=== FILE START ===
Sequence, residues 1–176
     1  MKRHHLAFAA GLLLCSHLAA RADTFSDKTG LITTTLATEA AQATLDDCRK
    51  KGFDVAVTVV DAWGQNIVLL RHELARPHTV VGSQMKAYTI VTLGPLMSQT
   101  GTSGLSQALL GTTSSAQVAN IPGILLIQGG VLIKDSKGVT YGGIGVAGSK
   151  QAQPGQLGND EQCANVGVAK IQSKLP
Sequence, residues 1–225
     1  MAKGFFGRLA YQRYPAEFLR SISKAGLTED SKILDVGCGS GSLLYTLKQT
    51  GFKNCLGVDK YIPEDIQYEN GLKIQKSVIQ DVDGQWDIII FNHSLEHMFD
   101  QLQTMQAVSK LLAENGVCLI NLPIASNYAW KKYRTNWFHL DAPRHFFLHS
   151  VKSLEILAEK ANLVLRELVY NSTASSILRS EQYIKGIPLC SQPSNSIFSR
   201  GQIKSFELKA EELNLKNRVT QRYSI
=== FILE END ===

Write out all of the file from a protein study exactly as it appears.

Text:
Sequence, residues 1–176
     1  MKRHHLAFAA GLLLCSHLAA RADTFSDKTG LITTTLATEA AQATLDDCRK
    51  KGFDVAVTVV DAWGQNIVLL RHELARPHTV VGSQMKAYTI VTLGPLMSQT
   101  GTSGLSQALL GTTSSAQVAN IPGILLIQGG VLIKDSKGVT YGGIGVAGSK
   151  QAQPGQLGND EQCANVGVAK IQSKLP
Sequence, residues 1–225
     1  MAKGFFGRLA YQRYPAEFLR SISKAGLTED SKILDVGCGS GSLLYTLKQT
    51  GFKNCLGVDK YIPEDIQYEN GLKIQKSVIQ DVDGQWDIII FNHSLEHMFD
   101  QLQTMQAVSK LLAENGVCLI NLPIASNYAW KKYRTNWFHL DAPRHFFLHS
   151  VKSLEILAEK ANLVLRELVY NSTASSILRS EQYIKGIPLC SQPSNSIFSR
   201  GQIKSFELKA EELNLKNRVT QRYSI